Sean M. Carroll of CalTech discusses how the direction of the arrow of time was defined by the Big Bang. He also speculates about what might have come before the Big Bang. The lecture is entitled The Origin of the Universe & the Arrow of Time.
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The evidence that the universe emerged 14 billion years ago from an event called ‘the big bang’ is overwhelming. Yet the cause of this event remains deeply mysterious. In the conventional picture, the ‘initial singularity’ is unexplained. It is simply assumed that the universe somehow sprang into existence full of ‘inflationary’ energy, blowing up the universe into the large, smooth state we observe today. While this picture is in excellent agreement with current observations, it is both contrived and incomplete, leading us to suspect that it is not the final word. In this lecture, the standard inflationary picture will be contrasted with a new view of the initial singularity suggested by string and M-theory, in which the bang is a far more normal, albeit violent, event which occurred in a pre-existing universe. According to the new picture, a cyclical model of the universe becomes feasible in which one bang is followed by another, in a potentially endless series of cosmic cycles. The presentation will also review exciting recent theoretical developments and forthcoming observational tests which could distinguish between the rival inflationary and cyclical hypotheses.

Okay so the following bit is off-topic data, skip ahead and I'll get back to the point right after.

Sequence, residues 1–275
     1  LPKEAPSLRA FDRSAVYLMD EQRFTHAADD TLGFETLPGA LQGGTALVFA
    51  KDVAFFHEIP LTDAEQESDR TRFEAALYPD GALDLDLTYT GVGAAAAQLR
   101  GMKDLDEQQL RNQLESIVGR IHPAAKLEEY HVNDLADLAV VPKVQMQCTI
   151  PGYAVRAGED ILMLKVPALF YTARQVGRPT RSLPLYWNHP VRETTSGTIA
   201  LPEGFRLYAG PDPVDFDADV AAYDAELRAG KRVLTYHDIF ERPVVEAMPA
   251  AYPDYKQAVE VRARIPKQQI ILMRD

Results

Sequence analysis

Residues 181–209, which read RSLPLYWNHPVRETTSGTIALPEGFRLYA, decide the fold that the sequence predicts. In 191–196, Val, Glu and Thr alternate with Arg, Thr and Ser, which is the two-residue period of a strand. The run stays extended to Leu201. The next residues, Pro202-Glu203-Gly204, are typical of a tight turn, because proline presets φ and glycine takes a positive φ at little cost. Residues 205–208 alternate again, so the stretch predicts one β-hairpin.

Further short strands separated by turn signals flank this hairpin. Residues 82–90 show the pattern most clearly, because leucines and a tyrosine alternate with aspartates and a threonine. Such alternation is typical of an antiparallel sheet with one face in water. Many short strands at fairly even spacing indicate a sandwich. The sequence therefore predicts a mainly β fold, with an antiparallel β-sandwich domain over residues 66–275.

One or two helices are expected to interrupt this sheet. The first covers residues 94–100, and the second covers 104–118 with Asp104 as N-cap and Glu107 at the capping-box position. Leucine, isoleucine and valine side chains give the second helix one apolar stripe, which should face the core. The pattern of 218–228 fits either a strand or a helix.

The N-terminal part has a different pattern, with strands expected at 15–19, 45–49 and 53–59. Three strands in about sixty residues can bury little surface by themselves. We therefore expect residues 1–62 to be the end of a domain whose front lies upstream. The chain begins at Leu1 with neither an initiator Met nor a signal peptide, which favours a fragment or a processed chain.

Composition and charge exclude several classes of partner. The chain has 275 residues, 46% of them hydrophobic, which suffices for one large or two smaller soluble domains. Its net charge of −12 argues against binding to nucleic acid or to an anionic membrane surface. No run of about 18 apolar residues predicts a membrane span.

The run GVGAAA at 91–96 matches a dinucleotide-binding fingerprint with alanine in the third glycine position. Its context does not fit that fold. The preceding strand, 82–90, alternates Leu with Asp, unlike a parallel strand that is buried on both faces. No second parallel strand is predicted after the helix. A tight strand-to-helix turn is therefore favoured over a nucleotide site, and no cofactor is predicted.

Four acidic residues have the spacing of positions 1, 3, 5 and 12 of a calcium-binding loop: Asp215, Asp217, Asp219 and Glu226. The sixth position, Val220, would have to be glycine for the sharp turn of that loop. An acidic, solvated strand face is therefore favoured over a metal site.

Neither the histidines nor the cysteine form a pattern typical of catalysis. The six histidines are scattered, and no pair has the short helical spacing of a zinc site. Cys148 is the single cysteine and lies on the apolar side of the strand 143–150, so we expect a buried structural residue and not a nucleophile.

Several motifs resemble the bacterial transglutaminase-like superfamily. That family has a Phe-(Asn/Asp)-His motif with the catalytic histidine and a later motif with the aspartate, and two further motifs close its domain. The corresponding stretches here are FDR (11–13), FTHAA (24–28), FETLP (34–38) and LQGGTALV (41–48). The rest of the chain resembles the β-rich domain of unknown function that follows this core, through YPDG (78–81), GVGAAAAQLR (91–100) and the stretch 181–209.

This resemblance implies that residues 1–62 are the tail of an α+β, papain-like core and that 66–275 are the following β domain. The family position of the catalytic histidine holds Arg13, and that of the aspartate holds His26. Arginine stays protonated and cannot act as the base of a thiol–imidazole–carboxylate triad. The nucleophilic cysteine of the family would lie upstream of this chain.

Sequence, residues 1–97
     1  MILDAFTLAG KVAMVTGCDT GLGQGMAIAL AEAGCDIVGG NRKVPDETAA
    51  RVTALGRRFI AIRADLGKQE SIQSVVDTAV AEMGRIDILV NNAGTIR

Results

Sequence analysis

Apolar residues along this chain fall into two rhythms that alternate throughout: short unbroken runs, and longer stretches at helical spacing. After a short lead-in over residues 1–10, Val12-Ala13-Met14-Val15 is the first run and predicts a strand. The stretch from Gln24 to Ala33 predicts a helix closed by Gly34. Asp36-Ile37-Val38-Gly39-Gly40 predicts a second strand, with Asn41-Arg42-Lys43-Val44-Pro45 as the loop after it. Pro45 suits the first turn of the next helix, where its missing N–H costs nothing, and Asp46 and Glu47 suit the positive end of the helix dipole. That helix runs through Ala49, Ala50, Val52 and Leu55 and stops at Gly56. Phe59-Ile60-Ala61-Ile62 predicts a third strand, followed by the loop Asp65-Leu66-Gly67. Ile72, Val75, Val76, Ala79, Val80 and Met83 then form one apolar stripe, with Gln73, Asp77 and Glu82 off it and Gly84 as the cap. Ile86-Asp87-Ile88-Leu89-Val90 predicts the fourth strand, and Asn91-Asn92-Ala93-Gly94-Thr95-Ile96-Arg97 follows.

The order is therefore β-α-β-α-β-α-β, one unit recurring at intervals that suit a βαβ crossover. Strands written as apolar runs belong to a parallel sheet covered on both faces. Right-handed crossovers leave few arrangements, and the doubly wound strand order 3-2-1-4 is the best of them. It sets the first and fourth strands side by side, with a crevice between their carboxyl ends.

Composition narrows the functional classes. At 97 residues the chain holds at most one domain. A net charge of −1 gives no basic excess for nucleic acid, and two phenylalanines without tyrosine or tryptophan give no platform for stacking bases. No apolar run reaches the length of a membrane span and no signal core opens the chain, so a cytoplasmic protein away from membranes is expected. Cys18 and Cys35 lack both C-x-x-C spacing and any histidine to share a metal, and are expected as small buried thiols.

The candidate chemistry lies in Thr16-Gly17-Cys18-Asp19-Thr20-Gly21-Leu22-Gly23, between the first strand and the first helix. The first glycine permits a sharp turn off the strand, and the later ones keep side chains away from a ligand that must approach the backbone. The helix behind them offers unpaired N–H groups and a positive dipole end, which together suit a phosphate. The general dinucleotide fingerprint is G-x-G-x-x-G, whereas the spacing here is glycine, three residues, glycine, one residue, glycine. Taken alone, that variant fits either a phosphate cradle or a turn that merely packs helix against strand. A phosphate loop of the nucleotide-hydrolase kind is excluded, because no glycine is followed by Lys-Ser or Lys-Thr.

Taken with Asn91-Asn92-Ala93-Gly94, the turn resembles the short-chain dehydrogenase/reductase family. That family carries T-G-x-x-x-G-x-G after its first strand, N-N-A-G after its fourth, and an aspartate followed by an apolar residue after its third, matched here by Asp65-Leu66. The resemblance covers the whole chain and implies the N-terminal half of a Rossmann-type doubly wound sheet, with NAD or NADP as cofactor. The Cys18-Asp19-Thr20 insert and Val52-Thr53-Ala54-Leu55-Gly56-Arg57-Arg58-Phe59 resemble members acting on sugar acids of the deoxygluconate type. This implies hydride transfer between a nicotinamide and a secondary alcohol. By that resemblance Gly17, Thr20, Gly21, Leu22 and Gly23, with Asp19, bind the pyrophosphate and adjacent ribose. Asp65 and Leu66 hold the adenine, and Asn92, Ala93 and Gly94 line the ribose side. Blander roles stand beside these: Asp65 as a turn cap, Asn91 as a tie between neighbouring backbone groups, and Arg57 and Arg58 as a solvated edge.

Gerard t’Hooft, a Nobel Laureate from Utrecht University, delivers a lecture on Science Fiction and Reality at the Perimeter Institute in Waterloo, Ontario on May 7, 2008
Co-presented by The Philadelphia Science Festival Introduced by Dennis Wint, president and chief executive officer of The Franklin Institute Recognized for his groundbreaking discoveries in superstring theory, Brian Greene hosted the Public Broadcasting Service’s NOVA series based on his book, The Elegant Universe. A professor of mathematics and physics at Columbia University, he is also the author of The Fabric of the Cosmos and Icarus at the Edge of Time. He is well-known for making complex scientific principles accessible to general audiences. According to a reviewer for Publishers Weekly, the strength of his books lies ”in Greene’s unparalleled ability to translate higher mathematics and its findings into everyday language and images, through adept use of metaphor and analogy, and crisp, witty prose." In The Hidden Reality: Parallel Universes and the Deep Laws of the Cosmos, Greene shows how a range of different multiverse proposals emerges from theories developed to explain observations of both subatomic particles and the dark depths of space, featuring doppelgängers, strings, branes, quantum probabilities, holographs, and simulated worlds. Brian Greene will be interviewed by Dr. Steve Snyder, vice president of programs and exhibitions at The Franklin Institute. (recorded 4/28/2011)